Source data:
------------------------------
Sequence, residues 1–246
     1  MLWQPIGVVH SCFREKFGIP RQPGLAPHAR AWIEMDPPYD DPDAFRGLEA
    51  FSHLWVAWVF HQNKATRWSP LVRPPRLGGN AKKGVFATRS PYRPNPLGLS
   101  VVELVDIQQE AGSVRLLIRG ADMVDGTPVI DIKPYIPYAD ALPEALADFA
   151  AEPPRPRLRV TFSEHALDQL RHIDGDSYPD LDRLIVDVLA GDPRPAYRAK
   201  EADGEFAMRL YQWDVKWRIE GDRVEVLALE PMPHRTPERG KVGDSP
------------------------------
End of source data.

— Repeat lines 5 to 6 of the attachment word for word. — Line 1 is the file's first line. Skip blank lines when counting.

   151  AEPPRPRLRV TFSEHALDQL RHIDGDSYPD LDRLIVDVLA GDPRPAYRAK
   201  EADGEFAMRL YQWDVKWRIE GDRVEVLALE PMPHRTPERG KVGDSP